7 Parks & Recreation Table 6-2 City Park Basic Elements Park Size net acres Service Area Citywide Location Proposed along Harter Parkway, south of Lincoln Road Potential Design Elements A multi-purpose building/community center for social gatherings, recreation programs, etc. Perimeter walking and jogging paths Lighted baseball / softball fields (both youth and adult) Basketball / tennis courts Grass turf area for soccer fields Community pool / swimming complex Aquatic center / areas for water play (as appropriate) Frisbee golf course Group picnic areas with barbecue pits and large shade structures Individual and small group picnic areas with tables and individual barbeques Seating areas shall be adjacent to play areas and picnic areas Trees and structures to provide shade as appropriate in play areas, picnic areas, and seating areas Potential on-site parking areas Storage / maintenance service facility Passive open space area Dog park Separate play areas and equipment for children Permanent restroom structures / concession building Drinking fountains Trash receptacles Any use permitted in Neighborhood Parks 6-7

8 Chapter 6 Park Size Service Area Location Table 6-3 Community Park Basic Elements 10 to 20 net acres 1/2 mile Proposed along El Margarita Road Potential Design Elements Children's play equipment, tot lots Seating areas shall be adjacent to play areas, as well as group picnic areas Small group and individual picnic areas with tables and individual barbeques Youth and adult ball fields (softball, skinned infield ball fields, soccer fields) Multi-purpose courts, basketball half courts, tennis courts (may be lighted) Trees and structures to provide shade as appropriate in play areas, picnic areas, and seating areas Storage / maintenance service facility Water play, aquatic center as appropriate Community center / recreation facility Restrooms / concession building Open turf areas Drinking fountains Small open turf areas for non-organized field play Walking paths Trash receptacles 6-8

9 Parks & Recreation 6.7 Multi-Use Trails Proposed multi-use trails are located throughout the Plan Area. These trails shall connect residential units to neighborhood focal points, such as parks and schools. The locations of proposed multi-use trails are generalized and should be sited within the vicinity of parks and other neighborhood activity centers to provide connections. Locations of multi-use trails will be detailed through the use of tentative maps and improvement plans. Connection points to surrounding residences shall occur at local streets and through day-lighted cul-de-sacs. Multi-use trails shall be a minimum of 10 feet wide (refer to Figure 6-2). Multi-use trails are recommended to serve as maintenance roads within parks. Trails may be composed of concrete, porous pavement, or other material as determined by the City. Trails shall include landscaping elements including shade trees along portions of the trail. Exact size and location of trails will be determined through tentative maps or development agreements. 6.8 Joint-Use Parks and Schools There are two proposed school sites that directly adjoin the southern City Park, a K-8 school along a proposed minor collector and a high school along the southern Plan Area boundary at Bogue Road. This provision will allow for shared use of facilities that are developed adjacent to school property that will be made available for use by the community at large, allowing for maximized use of these facilities through the establishment of a jointuse agreement. The joint-use of facilities capitalizes on existing resources, prevents unnecessary duplication of services already being provided, and helps to preserve other valuable land in the community. The school district benefits as well because recreational facilities will be larger than typical schoolyard amenities, as well as allowing the financial responsibilities of operation and maintenance to be shared. Under the agreement, school recreation facilities may be made available to the community as a whole after school hours. To establish a joint-use of facilities, the City of Yuba City and the Yuba City Unified School District are encouraged to enter into a joint-use agreement. This agreement will detail the policies for joint-use. Additionally, details regarding provision of services, as well as financial, operational, and maintenance responsibilities will be established in this agreement. 6-9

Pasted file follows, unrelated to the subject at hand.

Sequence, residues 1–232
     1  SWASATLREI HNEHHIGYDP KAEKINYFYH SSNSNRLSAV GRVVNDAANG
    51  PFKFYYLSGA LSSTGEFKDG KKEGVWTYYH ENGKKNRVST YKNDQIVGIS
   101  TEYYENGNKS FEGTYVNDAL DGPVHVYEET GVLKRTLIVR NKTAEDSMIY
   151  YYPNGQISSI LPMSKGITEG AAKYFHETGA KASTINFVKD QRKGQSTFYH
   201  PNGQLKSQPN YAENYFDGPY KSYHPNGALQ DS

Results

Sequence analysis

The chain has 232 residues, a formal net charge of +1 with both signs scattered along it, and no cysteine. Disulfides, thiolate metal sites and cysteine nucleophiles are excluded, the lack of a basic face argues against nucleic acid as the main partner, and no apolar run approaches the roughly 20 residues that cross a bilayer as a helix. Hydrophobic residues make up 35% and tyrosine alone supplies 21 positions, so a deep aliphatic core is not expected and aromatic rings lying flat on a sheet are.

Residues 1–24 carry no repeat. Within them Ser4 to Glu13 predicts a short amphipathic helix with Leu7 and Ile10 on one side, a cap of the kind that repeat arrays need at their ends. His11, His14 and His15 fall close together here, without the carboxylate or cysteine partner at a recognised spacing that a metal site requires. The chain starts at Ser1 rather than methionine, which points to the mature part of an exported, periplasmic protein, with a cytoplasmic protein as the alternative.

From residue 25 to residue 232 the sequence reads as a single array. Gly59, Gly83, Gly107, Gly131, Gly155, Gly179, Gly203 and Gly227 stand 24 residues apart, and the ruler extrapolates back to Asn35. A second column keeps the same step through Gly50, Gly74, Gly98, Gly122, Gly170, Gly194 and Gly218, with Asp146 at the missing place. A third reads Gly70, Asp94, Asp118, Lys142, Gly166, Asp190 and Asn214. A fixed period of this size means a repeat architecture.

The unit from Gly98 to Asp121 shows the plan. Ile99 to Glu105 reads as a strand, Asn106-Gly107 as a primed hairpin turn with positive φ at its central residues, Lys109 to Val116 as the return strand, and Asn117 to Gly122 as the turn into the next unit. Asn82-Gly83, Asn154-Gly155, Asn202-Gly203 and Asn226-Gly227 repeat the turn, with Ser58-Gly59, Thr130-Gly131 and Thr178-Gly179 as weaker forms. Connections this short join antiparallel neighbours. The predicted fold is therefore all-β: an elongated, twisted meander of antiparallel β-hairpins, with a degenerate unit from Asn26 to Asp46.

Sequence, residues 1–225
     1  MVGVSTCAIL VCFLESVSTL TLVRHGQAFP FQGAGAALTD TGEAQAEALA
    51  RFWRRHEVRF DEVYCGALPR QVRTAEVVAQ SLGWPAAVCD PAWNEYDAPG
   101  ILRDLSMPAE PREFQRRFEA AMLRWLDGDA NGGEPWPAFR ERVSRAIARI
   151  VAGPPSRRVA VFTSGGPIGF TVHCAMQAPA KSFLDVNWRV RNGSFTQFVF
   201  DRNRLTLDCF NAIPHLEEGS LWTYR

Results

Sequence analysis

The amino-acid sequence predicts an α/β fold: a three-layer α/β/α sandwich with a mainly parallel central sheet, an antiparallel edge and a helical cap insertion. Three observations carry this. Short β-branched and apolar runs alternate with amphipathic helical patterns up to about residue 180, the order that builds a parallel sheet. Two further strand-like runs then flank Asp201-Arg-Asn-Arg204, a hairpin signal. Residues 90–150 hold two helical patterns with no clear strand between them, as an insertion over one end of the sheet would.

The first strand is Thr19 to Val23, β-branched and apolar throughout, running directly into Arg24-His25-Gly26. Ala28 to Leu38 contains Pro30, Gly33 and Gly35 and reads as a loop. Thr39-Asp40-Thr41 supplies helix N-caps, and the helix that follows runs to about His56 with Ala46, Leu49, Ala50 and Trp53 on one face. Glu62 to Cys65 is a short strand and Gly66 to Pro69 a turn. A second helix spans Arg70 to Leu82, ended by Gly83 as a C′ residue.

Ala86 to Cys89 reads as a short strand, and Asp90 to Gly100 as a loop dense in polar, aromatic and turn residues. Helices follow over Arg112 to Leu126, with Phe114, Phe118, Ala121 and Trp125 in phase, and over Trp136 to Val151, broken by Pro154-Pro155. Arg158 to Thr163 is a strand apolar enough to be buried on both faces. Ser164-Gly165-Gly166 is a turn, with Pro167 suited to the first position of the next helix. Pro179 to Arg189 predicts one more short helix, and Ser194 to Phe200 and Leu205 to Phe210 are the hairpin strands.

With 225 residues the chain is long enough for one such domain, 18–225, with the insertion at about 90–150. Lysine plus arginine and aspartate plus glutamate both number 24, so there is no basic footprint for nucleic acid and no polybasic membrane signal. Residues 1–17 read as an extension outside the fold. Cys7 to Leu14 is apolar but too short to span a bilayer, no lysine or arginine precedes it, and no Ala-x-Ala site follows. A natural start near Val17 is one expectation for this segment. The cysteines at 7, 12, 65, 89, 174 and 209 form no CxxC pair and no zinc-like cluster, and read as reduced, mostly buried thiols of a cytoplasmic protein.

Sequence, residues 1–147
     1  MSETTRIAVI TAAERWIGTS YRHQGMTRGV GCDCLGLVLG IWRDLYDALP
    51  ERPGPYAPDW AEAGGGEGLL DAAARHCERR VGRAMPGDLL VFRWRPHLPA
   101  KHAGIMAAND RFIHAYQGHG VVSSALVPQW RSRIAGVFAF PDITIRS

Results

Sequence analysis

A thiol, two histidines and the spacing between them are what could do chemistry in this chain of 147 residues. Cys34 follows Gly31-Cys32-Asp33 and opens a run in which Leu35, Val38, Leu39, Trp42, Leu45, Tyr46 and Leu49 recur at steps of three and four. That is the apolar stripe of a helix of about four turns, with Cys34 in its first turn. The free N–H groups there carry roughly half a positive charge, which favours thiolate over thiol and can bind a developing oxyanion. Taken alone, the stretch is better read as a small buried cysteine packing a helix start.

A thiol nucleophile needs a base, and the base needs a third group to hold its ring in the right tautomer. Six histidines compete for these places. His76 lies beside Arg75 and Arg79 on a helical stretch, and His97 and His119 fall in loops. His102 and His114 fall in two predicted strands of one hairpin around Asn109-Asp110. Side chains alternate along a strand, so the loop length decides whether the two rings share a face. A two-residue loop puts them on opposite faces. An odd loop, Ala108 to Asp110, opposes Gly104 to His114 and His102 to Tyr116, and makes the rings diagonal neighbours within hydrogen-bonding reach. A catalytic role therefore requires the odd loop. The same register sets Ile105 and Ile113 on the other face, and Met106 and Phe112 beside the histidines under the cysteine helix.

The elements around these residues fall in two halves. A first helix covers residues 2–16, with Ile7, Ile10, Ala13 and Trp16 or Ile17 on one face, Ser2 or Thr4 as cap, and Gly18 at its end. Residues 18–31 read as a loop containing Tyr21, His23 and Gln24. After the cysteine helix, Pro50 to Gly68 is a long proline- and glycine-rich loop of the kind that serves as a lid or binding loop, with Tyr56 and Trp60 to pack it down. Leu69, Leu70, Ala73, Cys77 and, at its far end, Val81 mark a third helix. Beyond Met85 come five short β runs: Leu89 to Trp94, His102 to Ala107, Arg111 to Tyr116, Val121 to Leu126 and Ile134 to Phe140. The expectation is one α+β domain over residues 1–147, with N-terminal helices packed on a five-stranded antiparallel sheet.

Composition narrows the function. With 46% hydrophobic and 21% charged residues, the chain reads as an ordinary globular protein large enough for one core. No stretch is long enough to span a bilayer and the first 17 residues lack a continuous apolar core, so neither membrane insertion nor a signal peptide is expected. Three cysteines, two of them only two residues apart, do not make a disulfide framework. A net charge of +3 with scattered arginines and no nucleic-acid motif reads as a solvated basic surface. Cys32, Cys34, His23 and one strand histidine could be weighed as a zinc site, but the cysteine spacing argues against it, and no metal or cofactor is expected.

10 Chapter 6 Varies 10 min. Varies PS MUT PS Landscape Easement Figure 6-3 Conceptual Multi-Use Trail Next to Local Street Segment Planting Strip (PS) Multi Use Trail (MUT) Varies 10 feet min. 6-10